For the icing, boil water and sugar in a small pot until the sugar is dissolved. Stir in the cacao and boil until everything is well mixed. Empty into a bowl and cool in the fridge.

Once the cakes are cool, paint on the thin cacao icing with a small paintbrush. Decorate with almond slivers or speckled eggs, to add whimsy.

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Mom’s Pancakes

The greatest gift my mom gave me in the kitchen was encouragement.


When I was six I cooked my first meal – boiled carrots and tomatoes. Mom was awfully impressed. Since she had me making tea from the age of four, she had no argument to get me away from the hot stove.

A few years later I was making custard, scrambled eggs and of course, more tea. I learnt to cut the batter for fluffy scones and beat egg whites for her famous cauliflower soufflé.

Mom taught me to flip pancakes by telling me not to be afraid of them falling on the floor.

Now they never do.

Tonight, to wash down 13 years of missing her, I heated that very same small frying pan she taught me to cook in. I mixed pancake batter in the white lipped mixing bowl she was so fond of. I followed her recipe to the tee. And it was glorious.


Denise’s Pancakes
Makes approximately 10 sideplate-sized pancakes

1 cup of flour
1 jumbo egg
1 cup of milk
A pinch of salt
Spray and Cook
¼ cup of white or brown sugar
2 tbs ground cinnamon
1 lime (or lemon)

Whisk the flour, egg, milk and salt together in a mixing bowl. Leave to stand for a few minutes.

Mix the sugar and cinnamon together in a small bowl. Set aside.

Bring a small frying pan to a high heat. Cover it with Spray and Cook, or, as Mom did it, wet a piece of kitchen towel with a bit of oil and wipe the pan with it.


Once it’s piping hot, pour a ladle full of the batter into the pan and swirl until it covers the base of the pan. Be sure not to put too much batter in – it should form a thin layer. Return to the plate on the stove.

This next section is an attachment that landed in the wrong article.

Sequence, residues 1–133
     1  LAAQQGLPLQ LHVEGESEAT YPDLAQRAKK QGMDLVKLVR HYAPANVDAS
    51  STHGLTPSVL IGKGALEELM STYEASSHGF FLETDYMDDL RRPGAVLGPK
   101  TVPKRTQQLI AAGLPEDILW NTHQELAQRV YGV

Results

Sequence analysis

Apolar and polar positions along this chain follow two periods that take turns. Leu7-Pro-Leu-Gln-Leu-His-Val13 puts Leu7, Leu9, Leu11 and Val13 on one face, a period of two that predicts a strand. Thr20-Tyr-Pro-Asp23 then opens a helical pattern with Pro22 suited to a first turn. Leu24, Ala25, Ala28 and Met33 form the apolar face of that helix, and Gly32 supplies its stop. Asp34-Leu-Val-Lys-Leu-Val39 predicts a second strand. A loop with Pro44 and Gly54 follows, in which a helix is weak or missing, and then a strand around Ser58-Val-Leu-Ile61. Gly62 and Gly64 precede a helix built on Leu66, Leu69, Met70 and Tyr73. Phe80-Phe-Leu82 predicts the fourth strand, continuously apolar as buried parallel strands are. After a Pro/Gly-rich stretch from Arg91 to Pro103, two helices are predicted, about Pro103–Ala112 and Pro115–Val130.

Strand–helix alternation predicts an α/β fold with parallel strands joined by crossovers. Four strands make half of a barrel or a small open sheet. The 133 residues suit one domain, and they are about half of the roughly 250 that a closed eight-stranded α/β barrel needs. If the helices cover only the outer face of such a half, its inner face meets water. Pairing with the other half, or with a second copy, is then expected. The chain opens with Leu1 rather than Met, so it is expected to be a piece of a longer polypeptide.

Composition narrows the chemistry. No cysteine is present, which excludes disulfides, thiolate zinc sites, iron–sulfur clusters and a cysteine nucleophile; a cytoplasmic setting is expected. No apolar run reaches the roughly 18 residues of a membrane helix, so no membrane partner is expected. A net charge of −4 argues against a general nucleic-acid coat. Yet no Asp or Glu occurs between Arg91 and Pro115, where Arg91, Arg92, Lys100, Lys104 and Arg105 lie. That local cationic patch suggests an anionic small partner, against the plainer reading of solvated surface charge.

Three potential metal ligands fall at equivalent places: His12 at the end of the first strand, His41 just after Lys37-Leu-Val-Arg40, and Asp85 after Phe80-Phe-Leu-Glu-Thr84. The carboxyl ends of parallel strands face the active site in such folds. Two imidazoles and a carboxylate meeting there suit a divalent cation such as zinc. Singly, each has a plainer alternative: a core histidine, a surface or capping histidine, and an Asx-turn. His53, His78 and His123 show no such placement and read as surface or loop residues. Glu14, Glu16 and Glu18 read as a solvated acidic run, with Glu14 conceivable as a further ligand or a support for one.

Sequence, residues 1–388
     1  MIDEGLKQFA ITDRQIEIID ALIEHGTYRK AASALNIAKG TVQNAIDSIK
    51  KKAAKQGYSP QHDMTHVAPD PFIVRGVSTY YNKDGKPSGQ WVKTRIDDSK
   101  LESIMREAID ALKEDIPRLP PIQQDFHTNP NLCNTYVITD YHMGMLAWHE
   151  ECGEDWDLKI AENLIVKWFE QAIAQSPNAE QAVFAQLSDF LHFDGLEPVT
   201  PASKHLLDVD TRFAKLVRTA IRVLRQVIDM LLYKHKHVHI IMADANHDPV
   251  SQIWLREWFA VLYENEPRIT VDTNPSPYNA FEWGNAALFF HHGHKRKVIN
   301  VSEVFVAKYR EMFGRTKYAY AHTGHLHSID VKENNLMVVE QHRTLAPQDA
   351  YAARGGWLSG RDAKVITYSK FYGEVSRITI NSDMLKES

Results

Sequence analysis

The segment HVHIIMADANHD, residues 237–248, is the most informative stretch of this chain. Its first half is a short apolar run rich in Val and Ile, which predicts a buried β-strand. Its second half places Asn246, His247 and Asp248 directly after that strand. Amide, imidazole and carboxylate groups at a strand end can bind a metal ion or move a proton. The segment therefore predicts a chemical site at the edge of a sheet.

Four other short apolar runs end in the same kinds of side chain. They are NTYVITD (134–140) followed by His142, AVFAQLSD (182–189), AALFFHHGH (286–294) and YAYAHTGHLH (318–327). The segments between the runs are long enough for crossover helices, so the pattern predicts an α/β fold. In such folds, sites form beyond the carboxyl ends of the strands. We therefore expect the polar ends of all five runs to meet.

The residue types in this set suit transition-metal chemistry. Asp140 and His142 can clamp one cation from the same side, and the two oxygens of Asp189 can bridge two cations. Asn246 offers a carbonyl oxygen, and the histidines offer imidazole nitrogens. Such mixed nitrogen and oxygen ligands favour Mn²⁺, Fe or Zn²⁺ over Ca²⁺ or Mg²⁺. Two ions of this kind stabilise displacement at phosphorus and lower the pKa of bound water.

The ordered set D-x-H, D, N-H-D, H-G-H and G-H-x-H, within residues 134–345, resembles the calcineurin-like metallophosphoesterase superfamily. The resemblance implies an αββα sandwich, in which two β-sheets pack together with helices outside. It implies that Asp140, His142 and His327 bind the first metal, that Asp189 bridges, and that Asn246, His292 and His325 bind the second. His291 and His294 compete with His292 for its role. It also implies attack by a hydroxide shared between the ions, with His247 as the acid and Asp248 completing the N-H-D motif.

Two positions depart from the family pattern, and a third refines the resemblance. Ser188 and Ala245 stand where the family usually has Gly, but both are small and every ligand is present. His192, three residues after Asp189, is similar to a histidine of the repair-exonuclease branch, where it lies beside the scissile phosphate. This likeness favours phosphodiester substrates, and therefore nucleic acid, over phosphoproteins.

Once the sides start peeling away from pan, shake it loose and flip it over. If you’re not feeling confident, turn it with an egg lifter.

Return the pan to the heat once turned and wait until it bubbles again. It should now be done, but flip once more to be sure, looking out for a golden tinge to each side of the pancake.

When it looks done to you, transfer to a plate and sprinkle cinnamon sugar liberally over the hot pancake.

Spray some more non-stick solution into the pan and repeat the pancake process all the way through.

The heat from the pancakes as you stack them on top of one another will melt the cinnamon sugar, creating a delicious syrup.

Once you’ve finished all the batter, cut the lime in half and squeeze some juice over the pancakes for a fruity tang. Roll up and devour!


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How to cook like me… and Heston

I’ve recently watched the Channel 4 series, How To Cook Like Heston.

It’s invigorating, and this morning I tried his recipe for scrambled eggs. I’ve been doing it wrong all these years!

His methods fly in the face of widely trusted ways and recipes, but hey, it’s Heston, so it must be good. Right?

I have no doubt his chips are deliciously crispy on the outside and fluffy in the middle, but seriously, who has time to cook chips three times? It seems simpler to just mainline the starch and sniff the glucose.

At what point is something too much effort?

I suppose I’m being a little hypocritical here. I’ll decorate a cake for hours only to have it guzzled down in minutes. It’s still worth it for me, as long as I got to take a good picture.

But chips that were boiled, chucked in the freezer for an hour and then fried twice? I don’t know… By the time they’re done I’ve eaten the burger and downed the milkshake and no longer yearn for that heady GI spike.

Great stuff, Heston. Your potatoes and steak taste the best. I’m not arguing that. I just feel that as we are already such elaborate consumers, such wasteful creatures, such over-doers, I could do with some tips on how to do less processing of ingredients, not more.

In my case, laziness is the mother of my “inventions”.

* I never peel potatoes. Potato salad, crash hot potatoes, roast potatoes… all better with skin. As a result I’ve stopped making mash. My diet is thankful.

* Have you tried raw oats with your yoghurt instead of muesli? Omnomnom. And so much better for you than muesli. Plus you only have to pick up one item from the cereal aisle instead of two.

* Want risotto but don’t want to stir for 45 minutes non-stop? Either substitute the Arborio rice with barley or bake your risotto in a covered dish in the oven instead.